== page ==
Robin Mcalpine is a very clever guy. If you follow Common Weal you will be familiar with the work of a think tank that actually earns that name The rigour of the organisation’s efforts on research and policy development has to be acknowledged as exemplary even by those who disagree with the conclusion. Much of the credit for Common Weal’s work goes to Robin Mcalpine as Director. Anyone who has heard Robin speak will know how erudite he is. Ideas flow from the man’s head like treats from a burst piñata. All of which makes it difficult to explain the monumental silliness of his latest article on the inaptly named Common Space.
‘Yes’ means a lot to me – but it’s time to move on
The headline alone is enough to furrow many an independentista brow. What follows will have Yes activist jaws thudding to the floor. After explaining how emotionally attached he is to it, he solemnly declares that “‘Yes’ can’t be shorthand for the independence campaign any more”. That’s right! The latest great idea to pop out of Robin Mcalpine’s head is that the independence movement should abandon the term which has come to define it.
He may know a lot about a great many things, but clearly Robin knows nothing whatever about marketing. That’s what a political campaign is – a marketing exercise. We are trying to sell a product – independence. The ‘brand name’ of that product is ‘Yes’. And the first rule of marketing is,
DON’T FUCK WITH THE BRAND!
The brand is crucial. It represents the product. More importantly, it represents a set of emotions and attitudes which have been purposefully associated with the brand. Everything hangs on the brand, In many ways it is more important than the product. Because an effective brand can be attached to almost any product. It is not unknown for the brand name to precede the product. The marketing team at a confectionary company will come up with a name which they realise has great potential – market appeal and the ability to take on the positive associations of the company’s brand. Only then will the product development team design a product around that name.
The company brand is more important than the product brand because the company brand represents the positive associations which sell all of the company’s products. It may even be that the company doesn’t actually manufacture anything. That production is outsourced. The company owns the brand. And that is all that matters.
I say all this in the hope of conveying just how vital branding is. It is not to be taken lightly. Organisations rarely alter their branding. If they do, it is only after a great deal of thought and research. And they must have a very good reason before they even start to think about altering the brand. So what are Robin Mcalpine’s reasons for urging us to drop the ‘Yes’ brand?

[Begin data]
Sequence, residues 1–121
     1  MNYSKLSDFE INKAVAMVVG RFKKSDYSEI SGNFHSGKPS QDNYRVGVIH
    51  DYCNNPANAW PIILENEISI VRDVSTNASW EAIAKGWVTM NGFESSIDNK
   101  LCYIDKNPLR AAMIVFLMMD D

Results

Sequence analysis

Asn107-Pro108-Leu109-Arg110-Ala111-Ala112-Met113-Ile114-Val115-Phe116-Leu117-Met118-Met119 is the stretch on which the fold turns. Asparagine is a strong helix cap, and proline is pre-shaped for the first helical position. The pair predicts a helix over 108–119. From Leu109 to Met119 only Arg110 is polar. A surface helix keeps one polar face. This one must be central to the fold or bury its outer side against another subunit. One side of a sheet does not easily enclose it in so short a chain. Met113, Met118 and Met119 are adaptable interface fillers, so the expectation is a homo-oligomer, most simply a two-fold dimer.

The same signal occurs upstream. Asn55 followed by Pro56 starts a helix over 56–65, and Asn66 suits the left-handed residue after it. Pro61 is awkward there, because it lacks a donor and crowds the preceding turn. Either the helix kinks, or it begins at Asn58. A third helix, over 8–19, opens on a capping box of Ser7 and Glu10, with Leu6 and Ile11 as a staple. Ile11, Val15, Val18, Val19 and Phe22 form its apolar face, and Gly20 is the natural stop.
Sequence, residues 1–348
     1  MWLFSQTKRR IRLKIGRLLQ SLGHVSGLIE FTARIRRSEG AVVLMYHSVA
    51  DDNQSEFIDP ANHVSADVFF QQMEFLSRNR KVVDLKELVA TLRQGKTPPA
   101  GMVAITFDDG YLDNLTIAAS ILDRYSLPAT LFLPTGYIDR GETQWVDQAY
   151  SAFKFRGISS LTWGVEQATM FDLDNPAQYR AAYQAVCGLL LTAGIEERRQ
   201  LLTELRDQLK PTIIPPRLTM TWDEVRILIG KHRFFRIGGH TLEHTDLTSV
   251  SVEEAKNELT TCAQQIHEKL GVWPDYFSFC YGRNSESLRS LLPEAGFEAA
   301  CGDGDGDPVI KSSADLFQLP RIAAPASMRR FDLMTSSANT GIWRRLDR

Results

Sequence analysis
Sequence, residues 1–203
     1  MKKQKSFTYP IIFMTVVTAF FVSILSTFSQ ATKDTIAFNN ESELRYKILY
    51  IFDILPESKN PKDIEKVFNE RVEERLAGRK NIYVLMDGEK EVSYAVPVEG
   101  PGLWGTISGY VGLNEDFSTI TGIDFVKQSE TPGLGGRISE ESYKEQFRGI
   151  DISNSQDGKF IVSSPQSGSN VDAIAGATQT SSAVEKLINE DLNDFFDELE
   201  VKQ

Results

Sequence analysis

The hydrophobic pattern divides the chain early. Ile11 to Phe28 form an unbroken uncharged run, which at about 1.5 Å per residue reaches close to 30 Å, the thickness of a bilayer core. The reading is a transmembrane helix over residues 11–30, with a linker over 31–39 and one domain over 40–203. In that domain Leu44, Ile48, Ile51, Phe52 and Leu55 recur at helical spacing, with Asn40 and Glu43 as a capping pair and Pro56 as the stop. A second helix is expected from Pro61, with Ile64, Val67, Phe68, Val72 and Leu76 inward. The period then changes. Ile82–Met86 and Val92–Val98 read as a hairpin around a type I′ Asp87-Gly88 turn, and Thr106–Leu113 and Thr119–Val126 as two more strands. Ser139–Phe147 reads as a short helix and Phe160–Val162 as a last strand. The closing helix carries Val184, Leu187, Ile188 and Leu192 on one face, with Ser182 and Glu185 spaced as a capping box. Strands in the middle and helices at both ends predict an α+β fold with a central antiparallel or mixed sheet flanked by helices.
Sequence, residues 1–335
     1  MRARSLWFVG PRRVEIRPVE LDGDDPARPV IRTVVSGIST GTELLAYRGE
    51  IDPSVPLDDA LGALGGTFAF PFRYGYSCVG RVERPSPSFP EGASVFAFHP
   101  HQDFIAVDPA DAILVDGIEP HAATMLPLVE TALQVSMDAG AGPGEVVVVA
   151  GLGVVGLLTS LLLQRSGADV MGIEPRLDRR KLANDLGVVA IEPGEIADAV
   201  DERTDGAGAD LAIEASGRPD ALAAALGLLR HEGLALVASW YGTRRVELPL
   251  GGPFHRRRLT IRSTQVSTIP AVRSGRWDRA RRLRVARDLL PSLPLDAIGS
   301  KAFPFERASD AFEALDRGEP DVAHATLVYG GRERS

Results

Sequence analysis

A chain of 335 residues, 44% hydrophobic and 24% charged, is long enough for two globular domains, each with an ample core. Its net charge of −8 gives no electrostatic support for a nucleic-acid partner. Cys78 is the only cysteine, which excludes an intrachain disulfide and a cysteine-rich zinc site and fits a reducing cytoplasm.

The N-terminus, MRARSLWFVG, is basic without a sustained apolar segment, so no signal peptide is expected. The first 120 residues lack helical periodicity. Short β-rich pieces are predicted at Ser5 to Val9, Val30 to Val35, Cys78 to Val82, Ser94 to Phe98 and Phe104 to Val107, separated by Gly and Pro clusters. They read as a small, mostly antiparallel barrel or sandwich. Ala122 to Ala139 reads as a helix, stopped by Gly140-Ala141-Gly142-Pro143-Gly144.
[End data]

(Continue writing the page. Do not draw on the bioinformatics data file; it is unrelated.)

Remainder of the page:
Robin gives several reasons for abandoning the established ‘Yes’ brand. The first is that “we’re unlikely to be allowed to use a ‘Yes/No’ question in the next referendum”. Many readers will recognise in that statement the meek subservience that is characteristic of the colonised mind. A mind in which is firmly planted the default assumption that the British state is superior. Or, to put it another way, that Scotland is inferior. Our political culture is inferior to the British political system. Our democratic institutions are inferior to the apparatus of the British state. Basically, if it’s Scottish, it’s inferior. The British are the boss and the colonised mind simply doesn’t question this.
On this particular occasion, Robin insists…. No! That’s wrong! He doesn’t insist, he just accepts the superiority of the British Electoral Commission and the rightfulness of its authority as the ultimate arbiter of what is permissible in a Scottish constitutional referendum This is an agency of the forces which are seeking to deny Scotland’s right of self-determination and prevent us from choosing to normalise Scotland’s constitutional status by dissolving the Union. If this isn’t the outside interference that is prohibited by international laws and conventions, nothing is. And yet Robin never for a moment doubts the Electoral Commission’s superiority. Because it’s British.
I would hazard that most people in the grassroots ‘Yes’ movement have by now recognised that there is no route to independence that adheres to the rules devised by those whose purpose is to preserve the Union at any cost to the people of these islands, and even at the cost of treating with contemptuous disregard the most fundamental principles of democracy. Those of us whose minds are freed from colonisation and who dare to question the authority that Robin so humbly accepts realised some time ago that we can only break the British Union by breaking the British rules.
The entire referendum process must be created and controlled in Scotland by Scotland’s democratic institutions. Nothing else is acceptable! And if this assertiveness discomfits colonised minds then it is for owners of those minds to make the choice. Either they maintain the sovereignty of Scotland’s people or they submit to the authority of the British state. It is not possible to do both, To choose the latter is to reject popular sovereignty with the necessary implication that the individual making such a choice cannot, by definition, be considered as serving Scotland’s cause.
Robin states that “it is now generally felt that yes/no questions are inherently unfair”. Well, maybe they are. But it is for Scotland to decide. Because it’s our referendum! We, the people of Scotland, own any constitutional referendum held in Scotland because it derives from our inalienable right of self-determination. Robin allows that he is not entirely persuaded by the “inherently unfair” argument. But, by his own argument, his opinion doesn’t matter. He has relinquished the right to choose by accepting the superiority of the British state. His preferences in regard to the referendum process count for no more than Scotland’s Remain vote in the EU referendum.